Owners who think about exiting their business should wonder who the future owner will be and what will they be interested in when acquiring the business. These future buyers will consider both the company that you run as well as, potentially, how you run it in making their determination of the value of your business and, in fact, whether they want to make the acquisition at all. This newsletter is written to help owners understand some of the personal traits that professional buyers look for when purchasing a business – items that go beyond the company, its prospects and management team and its profitability.
Who are ‘Professional Buyers’
There is a world of professional investors called Private Equity Groups (PEGs). This is a formidable group of buyers in today’s marketplace as the overall desire of investors to purchase privately-held businesses has grown. Typically a wealth individual or institution will allocate a portion of their total investment portfolio (of stocks, bonds, etc . . . ) to the purchase of privately-held companies. And, to serve that need of investors, Private Equity Groups have formed and grown
in number over the past few years, to serve as a facilitator and manager of the private businesses that they purchase.
If you are looking at an exit that involves an external buyer, in all likelihood Private Equity Groups will be a part of your process, either seeking to acquire your business as a ‘platform’ company or as an add-on to an existing ‘portfolio company’ that they own. In either case, these PEGs often are also looking for owners to stay with the business for some period of time to assist with growth plans.
Leading Personality Traits that PEGs Look for In Owners
PEGs are looking for solid ‘investments’ (not just lifestyle companies) to own and run. These include businesses that show promise for future growth, solid management, solid and repeatable earnings, low customer concentration, and a host of other factors. However, before a PEG invests, they are also typically looking for specific traits from a business owner.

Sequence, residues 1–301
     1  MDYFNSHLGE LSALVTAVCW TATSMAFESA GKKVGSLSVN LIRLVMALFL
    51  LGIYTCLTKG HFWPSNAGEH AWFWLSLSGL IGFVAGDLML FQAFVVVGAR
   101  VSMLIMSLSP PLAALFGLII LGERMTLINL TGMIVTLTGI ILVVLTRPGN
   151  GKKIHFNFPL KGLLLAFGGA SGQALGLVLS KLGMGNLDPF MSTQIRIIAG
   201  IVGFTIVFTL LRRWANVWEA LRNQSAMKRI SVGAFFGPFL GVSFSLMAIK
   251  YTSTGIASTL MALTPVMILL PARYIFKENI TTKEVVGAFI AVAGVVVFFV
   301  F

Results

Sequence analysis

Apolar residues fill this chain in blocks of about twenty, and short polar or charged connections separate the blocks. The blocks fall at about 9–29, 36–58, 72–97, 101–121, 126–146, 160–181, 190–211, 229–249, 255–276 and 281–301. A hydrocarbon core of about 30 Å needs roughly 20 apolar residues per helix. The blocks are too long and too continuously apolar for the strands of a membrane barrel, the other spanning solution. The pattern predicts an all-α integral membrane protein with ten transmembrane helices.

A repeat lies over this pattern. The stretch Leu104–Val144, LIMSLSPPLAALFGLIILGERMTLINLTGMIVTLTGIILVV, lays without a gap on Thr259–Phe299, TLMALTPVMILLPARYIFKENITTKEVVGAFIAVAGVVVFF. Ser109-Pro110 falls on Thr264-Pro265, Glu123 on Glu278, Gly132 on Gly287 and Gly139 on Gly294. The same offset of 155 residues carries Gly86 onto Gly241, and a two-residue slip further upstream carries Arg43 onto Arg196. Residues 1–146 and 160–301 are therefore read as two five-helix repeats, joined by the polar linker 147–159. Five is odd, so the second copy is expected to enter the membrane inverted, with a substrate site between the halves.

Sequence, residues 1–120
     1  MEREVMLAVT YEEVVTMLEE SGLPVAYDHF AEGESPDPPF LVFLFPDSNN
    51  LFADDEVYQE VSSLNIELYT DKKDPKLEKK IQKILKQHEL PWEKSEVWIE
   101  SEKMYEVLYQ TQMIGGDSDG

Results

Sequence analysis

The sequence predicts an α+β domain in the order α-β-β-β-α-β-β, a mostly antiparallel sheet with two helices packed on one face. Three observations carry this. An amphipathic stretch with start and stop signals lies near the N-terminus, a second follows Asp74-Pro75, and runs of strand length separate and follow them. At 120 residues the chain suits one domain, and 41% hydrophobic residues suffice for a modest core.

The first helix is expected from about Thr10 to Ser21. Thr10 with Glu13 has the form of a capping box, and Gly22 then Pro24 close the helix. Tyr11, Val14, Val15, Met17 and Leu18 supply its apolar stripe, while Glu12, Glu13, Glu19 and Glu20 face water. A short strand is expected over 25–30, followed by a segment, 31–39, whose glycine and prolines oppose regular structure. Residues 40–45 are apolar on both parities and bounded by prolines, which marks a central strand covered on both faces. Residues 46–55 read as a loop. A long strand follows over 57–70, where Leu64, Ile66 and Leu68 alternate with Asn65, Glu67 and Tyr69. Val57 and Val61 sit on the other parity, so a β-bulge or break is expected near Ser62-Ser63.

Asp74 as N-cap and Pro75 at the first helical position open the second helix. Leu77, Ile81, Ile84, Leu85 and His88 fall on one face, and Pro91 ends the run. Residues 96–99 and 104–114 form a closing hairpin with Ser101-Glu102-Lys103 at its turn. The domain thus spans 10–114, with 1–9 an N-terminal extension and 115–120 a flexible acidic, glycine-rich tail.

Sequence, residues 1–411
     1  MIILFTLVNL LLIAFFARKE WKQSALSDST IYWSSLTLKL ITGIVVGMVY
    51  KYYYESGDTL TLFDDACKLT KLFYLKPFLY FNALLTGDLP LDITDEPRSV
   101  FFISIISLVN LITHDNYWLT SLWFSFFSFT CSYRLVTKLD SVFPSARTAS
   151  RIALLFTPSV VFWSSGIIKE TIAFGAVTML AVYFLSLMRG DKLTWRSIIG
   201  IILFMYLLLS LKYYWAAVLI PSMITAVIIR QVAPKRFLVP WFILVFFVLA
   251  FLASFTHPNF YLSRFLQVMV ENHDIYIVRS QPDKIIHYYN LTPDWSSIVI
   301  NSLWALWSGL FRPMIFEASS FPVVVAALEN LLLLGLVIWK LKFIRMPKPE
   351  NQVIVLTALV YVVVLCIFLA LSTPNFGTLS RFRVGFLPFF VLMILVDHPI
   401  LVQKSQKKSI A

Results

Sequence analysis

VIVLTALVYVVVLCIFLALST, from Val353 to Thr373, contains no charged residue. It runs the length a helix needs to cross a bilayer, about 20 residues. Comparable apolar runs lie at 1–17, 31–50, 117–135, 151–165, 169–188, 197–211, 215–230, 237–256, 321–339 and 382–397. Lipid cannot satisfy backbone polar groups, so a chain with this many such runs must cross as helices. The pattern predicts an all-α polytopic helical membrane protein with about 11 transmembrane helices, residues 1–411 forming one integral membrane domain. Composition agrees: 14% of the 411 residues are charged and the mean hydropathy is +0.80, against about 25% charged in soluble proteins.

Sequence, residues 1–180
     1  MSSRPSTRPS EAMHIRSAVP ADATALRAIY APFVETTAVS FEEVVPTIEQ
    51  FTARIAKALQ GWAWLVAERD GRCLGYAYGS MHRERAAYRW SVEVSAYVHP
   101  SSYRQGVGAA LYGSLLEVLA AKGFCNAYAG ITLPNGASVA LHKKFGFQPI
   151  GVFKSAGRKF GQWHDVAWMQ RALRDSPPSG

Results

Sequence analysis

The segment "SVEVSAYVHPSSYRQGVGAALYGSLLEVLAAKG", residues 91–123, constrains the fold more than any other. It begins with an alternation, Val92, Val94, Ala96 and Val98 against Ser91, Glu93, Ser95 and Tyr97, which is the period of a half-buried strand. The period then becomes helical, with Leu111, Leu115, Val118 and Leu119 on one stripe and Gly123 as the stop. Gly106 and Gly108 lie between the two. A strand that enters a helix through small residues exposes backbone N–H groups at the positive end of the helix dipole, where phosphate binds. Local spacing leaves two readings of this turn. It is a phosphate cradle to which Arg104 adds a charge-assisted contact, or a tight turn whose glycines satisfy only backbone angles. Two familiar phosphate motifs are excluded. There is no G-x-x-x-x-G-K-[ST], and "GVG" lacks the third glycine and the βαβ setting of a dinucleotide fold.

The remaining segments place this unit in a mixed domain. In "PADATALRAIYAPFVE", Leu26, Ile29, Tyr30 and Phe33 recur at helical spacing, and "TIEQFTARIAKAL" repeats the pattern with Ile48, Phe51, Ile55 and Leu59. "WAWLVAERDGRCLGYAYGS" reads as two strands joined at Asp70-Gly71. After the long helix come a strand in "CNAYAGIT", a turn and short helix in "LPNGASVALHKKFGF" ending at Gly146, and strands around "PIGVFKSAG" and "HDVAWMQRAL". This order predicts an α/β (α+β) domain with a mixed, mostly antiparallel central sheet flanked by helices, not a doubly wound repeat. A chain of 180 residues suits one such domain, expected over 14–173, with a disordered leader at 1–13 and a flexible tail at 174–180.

Ability/Desire to Learn and Grow
A Private Equity Group that purchases the equity in your company will do so because they see the opportunity for growth. Typically, the PEG will see an opportunity for growth that the current owner cannot see so easily. The PEG brings to the ‘investment table’ experience with owning and running numerous privately-held businesses. Therefore, the PEGs often-times have considerable experience with making changes to a business to help with that growth.
However, what most PEGs also know is that owners often make horrible employees. Owners have been doing things their own way for so many decades that the idea of change is often hard to grasp. So, an owner who can demonstrate a desire to learn and grow will be sought out by the Private Equity Groups. By contrast, an owner who is too set in their ways and resists change will often discourage a Private Equity Group from making an investment or a privately-held company.
Trying New Things
A PEG should serve the role of a ‘progressive innovator’ for your company. What this means is that the PEG should bring to the business ideas on how the company can change and grow. However, these changes should happen over time – not all at once. The saying that applies is that you should not try to ‘boil the ocean’, meaning that changes should happen incrementally. However, an owner who is not willing to try new things will not do well with an investor who is looking to innovate in order to grow the business.
Willingness to Enforce Accountability
One of the elements that private equity brings to a company is enhanced professionalism of the business. Often times this translates into accountability at all levels of the organization. For the typical owner of a private business, the personal relationships that exist within their employee base make it difficult to enforce accountability. And, therefore, parts of a privately-held business will typically be run in a sub-optimal manner because of the owner’s willingness to overlook certain items and not hold employees accountable.
PEGs look for owners who are willing to enforce accountability on the path to growth and greater profitability. This can be difficult for a number of owners to adjust to.
When considering the big picture of your business exit, you may think about the idea that either someone will run your company after you or the company will cease to exist. And, if you do not have family or management who have the ability to (and/or can afford to) run the business after you, then an external buyer/investor may be needed. And, if you consider Private Equity Groups amongst those who may own your business next, you may want to think through your willingness to learn and grow, to try new things as well as to change the manner in which you run parts of your company in order to determine if you are a solid candidate for a professional investor.
We hope that this newsletter is helpful in having you think through who a future owner of your company may be and what they may be looking for from you.